Post-traumatic Stress Disorder (PTSD) is a diagnosis I see frequently when working with all ages. Trauma (primarily threats to one’s life or safety, or proximity to threats to another, as well as sexual violence) impacts each person differently. Common symptoms may include flashbacks, nightmares, avoidance of triggering experiences, insomnia, unwanted thoughts, and hypersensitivity to stimuli-particularly if reminiscent of the trauma, such as loud noises or closed spaces. Those diagnosed with PTSD may also find themselves more anxious, depressed, irritable, isolated, detached, or experiencing self-destructive behaviors. PTSD is becoming increasingly recognized in the mental health field and trauma-informed care is seen as critically important. What was once simply called “shell shock” for soldiers returning from war is now seen as a a collection of symptoms that may be profoundly impactful to the individual. PTSD did not became a recognized diagnosis until 1980, when it was finally listed in the American Psychological Association’s Diagnostic and Statistical Manual, or DSM. Since this inclusion, evidenced-based treatments have expanded. With it estimated to affect around 3 million Americans per year, the question is: how to treat PTSD?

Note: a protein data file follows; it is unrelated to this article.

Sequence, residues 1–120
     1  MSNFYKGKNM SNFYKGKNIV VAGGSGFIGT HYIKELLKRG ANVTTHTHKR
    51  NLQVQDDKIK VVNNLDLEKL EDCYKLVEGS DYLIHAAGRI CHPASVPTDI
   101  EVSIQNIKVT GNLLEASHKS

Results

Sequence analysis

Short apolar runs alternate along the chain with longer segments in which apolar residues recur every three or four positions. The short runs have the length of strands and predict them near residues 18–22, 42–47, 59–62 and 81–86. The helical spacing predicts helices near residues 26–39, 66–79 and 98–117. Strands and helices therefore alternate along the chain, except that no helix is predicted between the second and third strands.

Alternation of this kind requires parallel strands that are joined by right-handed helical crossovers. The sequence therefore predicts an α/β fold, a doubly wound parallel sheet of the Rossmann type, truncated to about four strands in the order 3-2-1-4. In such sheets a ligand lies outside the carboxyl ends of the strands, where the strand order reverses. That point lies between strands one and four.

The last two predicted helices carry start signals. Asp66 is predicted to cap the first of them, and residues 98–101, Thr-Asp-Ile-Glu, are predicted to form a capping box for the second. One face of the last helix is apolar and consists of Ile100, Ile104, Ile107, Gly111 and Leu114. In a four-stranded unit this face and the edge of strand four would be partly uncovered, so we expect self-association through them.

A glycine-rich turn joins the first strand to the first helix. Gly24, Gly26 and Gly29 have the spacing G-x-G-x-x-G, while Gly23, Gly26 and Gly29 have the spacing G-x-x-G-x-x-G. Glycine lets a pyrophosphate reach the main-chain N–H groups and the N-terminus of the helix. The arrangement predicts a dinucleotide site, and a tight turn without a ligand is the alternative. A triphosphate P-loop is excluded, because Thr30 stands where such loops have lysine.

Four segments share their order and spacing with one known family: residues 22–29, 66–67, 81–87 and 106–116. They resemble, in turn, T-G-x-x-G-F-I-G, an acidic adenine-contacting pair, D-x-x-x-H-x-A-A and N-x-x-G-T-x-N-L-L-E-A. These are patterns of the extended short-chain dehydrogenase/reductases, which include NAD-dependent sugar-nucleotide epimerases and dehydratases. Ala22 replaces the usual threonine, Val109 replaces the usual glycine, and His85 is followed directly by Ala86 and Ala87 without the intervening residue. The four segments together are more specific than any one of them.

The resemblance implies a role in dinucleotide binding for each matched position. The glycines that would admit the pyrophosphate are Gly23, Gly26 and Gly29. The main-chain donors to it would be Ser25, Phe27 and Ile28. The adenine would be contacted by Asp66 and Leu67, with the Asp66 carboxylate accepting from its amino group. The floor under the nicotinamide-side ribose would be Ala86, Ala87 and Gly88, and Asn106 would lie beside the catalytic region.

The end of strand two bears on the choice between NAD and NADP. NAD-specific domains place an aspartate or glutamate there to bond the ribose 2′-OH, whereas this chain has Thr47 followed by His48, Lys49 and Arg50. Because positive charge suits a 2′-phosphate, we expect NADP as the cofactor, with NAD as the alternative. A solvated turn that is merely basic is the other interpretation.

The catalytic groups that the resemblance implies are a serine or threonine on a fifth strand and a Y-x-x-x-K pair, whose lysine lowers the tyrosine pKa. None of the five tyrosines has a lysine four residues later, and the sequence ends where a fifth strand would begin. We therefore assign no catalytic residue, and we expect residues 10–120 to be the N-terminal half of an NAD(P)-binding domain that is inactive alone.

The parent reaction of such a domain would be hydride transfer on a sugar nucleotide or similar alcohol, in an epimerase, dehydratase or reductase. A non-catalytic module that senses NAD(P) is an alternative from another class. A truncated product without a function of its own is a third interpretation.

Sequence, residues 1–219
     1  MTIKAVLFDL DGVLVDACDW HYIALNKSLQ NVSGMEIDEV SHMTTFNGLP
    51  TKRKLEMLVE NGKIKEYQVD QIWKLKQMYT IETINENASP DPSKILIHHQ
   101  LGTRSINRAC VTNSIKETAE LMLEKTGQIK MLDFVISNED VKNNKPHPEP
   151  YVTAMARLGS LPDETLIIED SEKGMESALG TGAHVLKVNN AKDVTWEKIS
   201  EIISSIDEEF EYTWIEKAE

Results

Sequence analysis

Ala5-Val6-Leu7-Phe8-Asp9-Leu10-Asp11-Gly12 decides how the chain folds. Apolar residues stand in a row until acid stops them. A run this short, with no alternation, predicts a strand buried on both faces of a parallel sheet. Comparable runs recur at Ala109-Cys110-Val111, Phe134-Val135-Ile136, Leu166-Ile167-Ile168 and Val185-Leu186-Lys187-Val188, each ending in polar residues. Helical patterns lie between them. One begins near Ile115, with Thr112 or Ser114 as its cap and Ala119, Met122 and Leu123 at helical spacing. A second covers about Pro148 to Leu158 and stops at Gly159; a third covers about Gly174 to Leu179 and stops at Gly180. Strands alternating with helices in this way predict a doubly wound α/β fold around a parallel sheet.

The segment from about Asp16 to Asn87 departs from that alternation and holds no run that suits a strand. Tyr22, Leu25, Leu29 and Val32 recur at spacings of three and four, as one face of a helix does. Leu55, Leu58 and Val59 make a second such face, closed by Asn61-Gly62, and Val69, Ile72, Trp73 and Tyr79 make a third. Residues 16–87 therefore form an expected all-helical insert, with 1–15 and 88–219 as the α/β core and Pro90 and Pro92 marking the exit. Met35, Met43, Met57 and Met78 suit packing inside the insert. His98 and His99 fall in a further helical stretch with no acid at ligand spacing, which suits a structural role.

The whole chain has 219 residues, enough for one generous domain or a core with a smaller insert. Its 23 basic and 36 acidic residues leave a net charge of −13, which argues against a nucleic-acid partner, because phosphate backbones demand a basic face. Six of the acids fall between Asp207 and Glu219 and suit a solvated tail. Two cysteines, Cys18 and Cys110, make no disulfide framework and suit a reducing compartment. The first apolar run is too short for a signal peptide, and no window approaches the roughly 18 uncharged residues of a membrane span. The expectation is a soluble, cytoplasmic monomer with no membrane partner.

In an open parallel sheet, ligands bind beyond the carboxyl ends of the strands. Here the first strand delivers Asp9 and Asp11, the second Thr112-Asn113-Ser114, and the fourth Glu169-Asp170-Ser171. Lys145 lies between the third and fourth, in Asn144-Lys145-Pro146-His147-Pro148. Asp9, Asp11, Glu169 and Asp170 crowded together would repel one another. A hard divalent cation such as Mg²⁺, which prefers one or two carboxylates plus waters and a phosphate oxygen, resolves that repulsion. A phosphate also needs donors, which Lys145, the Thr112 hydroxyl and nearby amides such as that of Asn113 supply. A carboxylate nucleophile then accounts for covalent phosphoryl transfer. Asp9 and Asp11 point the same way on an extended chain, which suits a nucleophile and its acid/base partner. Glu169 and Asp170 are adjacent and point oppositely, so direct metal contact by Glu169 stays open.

There are several effective treatments for post-traumatic stress disorder. Individual Therapy, medication (most commonly SSRIs), or the two combined, can significantly decrease symptoms. Talk therapy, whether in an individual or group setting, can help normalize feelings and behaviors while gradually desensitizing the client to the trauma. Cognitive behavioral therapy (CBT) and trauma-focused cognitive behavioral therapy (TF-CBT) incorporate challenging harmful, negative beliefs (“I am at risk right now” “It was my fault,”) gradual exposure therapy, and skills such as mindfulness and positive coping skills (meditation and relaxation exercises, exercise, journaling, art, etc). The goal of this therapy is for the client to begin to recognize negative thoughts and feelings, and to challenge these and utilize coping skills outside of therapy. With time, practice, and perhaps the help of a therapist and psychiatrist, the trauma begins to recede into the past and the individual is able to increase positive feelings and a sense of control.
*some people struggling with PTSD may experience severe depression and thoughts of self-harm or suicidality. If these thoughts arise, immediately call 911 or visit your local emergency room or psychiatric hospital.